I think even more than Whipple, it is Enmegahbowh who is our diocesan “patron saint,” the founder of our family system as Episcopalians in Minnesota. Think about it. He was first trained and nurtured by the Midewiwin, the Grand Medicine Society of the Ojibwe, in the traditional ways of worshipping Gitchi Manido, the Great Spirit. But he was also, sometimes in parallel time, exposed to the message of the Gospel. Like all good Episcopalians (he left Methodism to join us) this was a both/and thing. He drew deeply from the well of the Ojibwe tradition, and allowed the gospel acculturate, to root in so that he could draw on the strength of both traditions.

He swam upstream as well. He risked everything, (even lost several children to starvation and cold) to share the gospel, to try and bring peace between Dakota and Ojibwe, between white and Indian. Bishop Whipple was smart enough to defer to Enmegahbowh as they together created the Diocese of Minnesota. I wear this eagle stole (created by Annie Henninger of St. Paul’s, Duluth) in honor of “He who stands before his people.”

Don’t get me wrong, history is not destiny, but it is very hard to break these family system patterns. This diocese had no luck excluding Indian people. And when women were first ordained, we had more female rectors, earlier than any other diocese. We came only a few votes from electing the first woman Bishop in the Anglican Communion! (Margo Maris still feels grateful that she didn’t have to be the first.) We have been served well and often by women and gay and lesbian clergy, even in times when many of those dioceses surrounding us would not. We are just no darn good at excluding. So, dear ones, do we have the courage to stand in the footsteps of Whipple, old “Straight Tongue”; and Enmegahbowh, “the one who stands before his people?”

I think we can take great comfort as we move into the “thinnest” of times of the calendar year, toward All Saints. The ancient Celts and most all cultures describe this time of the year—the waning of the light and the coming of the cold in these northern climes—as the time when the veil between the living and the dead is thinnest. I feel it. Don’t you? I have buried our beloved senior warden, and eight people, many of them well over 90, in these last two weeks of my time as Rector of St. Paul’s, Duluth. It’s almost as if those bonds which held them here were loosened with the knowledge from the Book of Wisdom “but they are at peace…and their souls are in the hands [and I think the very heart of] God, and no torment will ever touch them.”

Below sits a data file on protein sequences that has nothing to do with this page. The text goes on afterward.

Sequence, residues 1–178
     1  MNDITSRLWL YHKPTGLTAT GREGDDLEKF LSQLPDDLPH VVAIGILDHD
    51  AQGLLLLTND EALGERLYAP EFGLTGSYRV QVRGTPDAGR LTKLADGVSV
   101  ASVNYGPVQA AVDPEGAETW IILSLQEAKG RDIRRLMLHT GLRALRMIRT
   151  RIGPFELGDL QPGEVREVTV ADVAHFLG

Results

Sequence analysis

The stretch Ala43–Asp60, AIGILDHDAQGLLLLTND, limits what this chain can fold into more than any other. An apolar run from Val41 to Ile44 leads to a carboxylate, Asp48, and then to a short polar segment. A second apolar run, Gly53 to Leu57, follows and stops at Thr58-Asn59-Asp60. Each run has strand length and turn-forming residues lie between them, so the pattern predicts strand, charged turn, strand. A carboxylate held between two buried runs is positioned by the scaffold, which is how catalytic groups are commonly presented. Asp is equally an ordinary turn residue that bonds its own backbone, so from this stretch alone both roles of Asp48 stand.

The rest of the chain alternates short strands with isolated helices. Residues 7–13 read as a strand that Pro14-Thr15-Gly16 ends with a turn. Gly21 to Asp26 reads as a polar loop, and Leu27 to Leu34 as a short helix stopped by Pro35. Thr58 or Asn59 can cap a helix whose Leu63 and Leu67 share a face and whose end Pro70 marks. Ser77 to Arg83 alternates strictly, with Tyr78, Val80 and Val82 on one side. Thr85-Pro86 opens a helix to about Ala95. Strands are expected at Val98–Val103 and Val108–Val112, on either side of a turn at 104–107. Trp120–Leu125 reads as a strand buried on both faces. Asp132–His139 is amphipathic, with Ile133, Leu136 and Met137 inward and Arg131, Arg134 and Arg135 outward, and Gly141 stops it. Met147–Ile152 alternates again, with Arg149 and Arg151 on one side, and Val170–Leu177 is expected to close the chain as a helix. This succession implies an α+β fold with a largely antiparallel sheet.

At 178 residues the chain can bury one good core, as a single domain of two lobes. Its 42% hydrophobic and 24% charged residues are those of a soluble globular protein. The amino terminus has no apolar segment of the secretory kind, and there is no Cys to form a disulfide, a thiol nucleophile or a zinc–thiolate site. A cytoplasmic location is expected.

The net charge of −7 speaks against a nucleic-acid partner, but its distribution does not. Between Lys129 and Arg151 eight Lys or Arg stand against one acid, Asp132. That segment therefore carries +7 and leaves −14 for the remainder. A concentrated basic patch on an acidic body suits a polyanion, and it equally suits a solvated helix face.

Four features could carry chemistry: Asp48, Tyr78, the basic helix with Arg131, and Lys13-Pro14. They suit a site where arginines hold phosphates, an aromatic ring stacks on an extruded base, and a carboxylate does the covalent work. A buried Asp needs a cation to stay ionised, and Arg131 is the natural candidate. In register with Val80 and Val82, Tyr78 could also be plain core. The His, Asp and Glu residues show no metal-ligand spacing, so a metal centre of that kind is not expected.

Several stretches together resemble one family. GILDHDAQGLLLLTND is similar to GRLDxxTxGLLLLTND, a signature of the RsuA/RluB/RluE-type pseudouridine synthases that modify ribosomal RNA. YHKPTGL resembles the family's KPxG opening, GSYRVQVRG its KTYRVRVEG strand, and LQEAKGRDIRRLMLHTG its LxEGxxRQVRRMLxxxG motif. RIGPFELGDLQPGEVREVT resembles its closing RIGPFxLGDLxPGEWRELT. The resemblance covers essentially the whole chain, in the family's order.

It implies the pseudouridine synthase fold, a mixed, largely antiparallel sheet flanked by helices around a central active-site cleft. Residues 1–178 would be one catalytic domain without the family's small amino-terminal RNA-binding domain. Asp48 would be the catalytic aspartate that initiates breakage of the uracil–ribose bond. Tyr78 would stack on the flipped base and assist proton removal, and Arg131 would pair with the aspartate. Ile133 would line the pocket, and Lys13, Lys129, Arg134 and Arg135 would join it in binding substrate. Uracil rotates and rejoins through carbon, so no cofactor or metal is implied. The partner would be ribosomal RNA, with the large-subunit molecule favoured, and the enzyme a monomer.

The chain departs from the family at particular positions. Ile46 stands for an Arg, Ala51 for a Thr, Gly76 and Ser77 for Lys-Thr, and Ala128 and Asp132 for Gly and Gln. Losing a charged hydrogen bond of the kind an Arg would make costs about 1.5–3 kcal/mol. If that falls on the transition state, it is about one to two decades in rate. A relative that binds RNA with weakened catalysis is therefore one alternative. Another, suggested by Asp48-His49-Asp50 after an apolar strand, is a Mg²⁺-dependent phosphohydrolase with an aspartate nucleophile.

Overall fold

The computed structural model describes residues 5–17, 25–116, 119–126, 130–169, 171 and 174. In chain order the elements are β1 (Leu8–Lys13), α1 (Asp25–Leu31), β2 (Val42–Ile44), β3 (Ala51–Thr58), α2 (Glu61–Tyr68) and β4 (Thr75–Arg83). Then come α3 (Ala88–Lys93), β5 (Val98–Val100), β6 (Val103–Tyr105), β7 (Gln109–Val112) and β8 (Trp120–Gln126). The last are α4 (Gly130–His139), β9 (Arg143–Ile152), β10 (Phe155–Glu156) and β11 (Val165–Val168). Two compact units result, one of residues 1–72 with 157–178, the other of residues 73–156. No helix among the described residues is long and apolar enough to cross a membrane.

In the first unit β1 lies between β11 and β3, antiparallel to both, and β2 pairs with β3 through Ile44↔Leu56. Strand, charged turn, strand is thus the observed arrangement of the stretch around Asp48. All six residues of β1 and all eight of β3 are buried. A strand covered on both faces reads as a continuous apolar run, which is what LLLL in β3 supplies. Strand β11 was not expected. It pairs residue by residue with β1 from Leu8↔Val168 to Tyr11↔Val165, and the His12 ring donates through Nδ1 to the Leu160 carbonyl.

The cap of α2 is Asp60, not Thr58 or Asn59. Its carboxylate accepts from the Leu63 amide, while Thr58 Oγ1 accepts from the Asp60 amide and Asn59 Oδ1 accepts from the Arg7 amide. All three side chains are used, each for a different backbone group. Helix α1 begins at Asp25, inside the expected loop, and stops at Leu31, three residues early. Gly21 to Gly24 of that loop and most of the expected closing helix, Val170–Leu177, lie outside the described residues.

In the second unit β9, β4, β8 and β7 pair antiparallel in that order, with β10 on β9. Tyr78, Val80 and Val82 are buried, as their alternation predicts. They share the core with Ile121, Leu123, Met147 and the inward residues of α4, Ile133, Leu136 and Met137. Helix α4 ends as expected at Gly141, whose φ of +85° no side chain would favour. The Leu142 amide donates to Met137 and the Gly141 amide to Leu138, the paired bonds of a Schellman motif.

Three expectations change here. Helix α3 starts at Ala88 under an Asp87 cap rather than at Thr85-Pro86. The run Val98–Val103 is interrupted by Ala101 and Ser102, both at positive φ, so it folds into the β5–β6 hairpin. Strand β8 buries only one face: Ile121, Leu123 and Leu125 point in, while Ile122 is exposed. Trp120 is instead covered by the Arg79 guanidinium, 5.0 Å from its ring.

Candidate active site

In these days of terror, oppression, war, and polarization, it would be easy to fall into the trap that the 16th-century mystic and saint, Teresa of Avila observed. Looking around her she asked “How did all those priests ever get so serious and preach all that gloom? I don’t think God tickled them yet. Beloved—hurry!” The very foundations of Anglicanism seem to be shaken because we Episcopalians did what we know how to do—include, not exclude. And from across the globe comes the thundering from Archbishops and Bishops who see only ruin for us for including Gene Robinson in the House of Bishops, and for extending the blessing of the Church to those who would love one another.

How parallel this is to the approbation of the general public in Minnesota as Bishop Whipple pleaded for the lives of the Dakota freedom fighters. How similar are these loud protests to the time when women were ordained and Barbara Harris (Oh my, oh my—she is divorced, Black, mouthy, AND she smokes!) became a Bishop. It would be easy to hang our heads, and be very afraid. And many, both political leaders and church leaders would have us do that. But not in this diocese.

In her latest novel, the Ojibwe writer Louise Erdrich’s heroine, Four Souls, is exhausted, afraid: “Exhaustion and longing filled her. She sang her mother’s song, low, then louder, until her heart strengthened, and when she could feel her dead around her, gathering she straightened her back”— and kept on going!

We are not alone in the dark. We need not fear. At this time of the year, All Saints, we need to remember who we are and Whose we are. At St. Paul’s Duluth, our children celebrate the day of the dead in our Columbarium with dancing, laughter, food and fun, with decorations on the niches and pictures of all those human and other than human (pets are big) persons whom we have loved and lost. It fairly screams, “Death where is thy sting?” And there is more. Enmegahbowh has been showing up.

It was four years ago on a Good Friday. A new member, who had once attended St. Paul’s, but who had been away, a few years returned; and asked all three priests—Lucie, Aron, and me—to join her at the high altar for a blessing. As we did the blessing, her eyes became wet with tears as she looked down the center isle. I saw it too—something shimmering, movement, a line of moving shadow and light. We finished the blessing, and retired to Lucie’s office. When the member entered the room the first thing she saw was the icon of Enmegahbowh. Visibly shaken she shouted “That’s him, that’s the one that was leading the people up the isle for healing when we did the blessing.” She had never seen the icon before, and knew nothing of Enmegahbowh.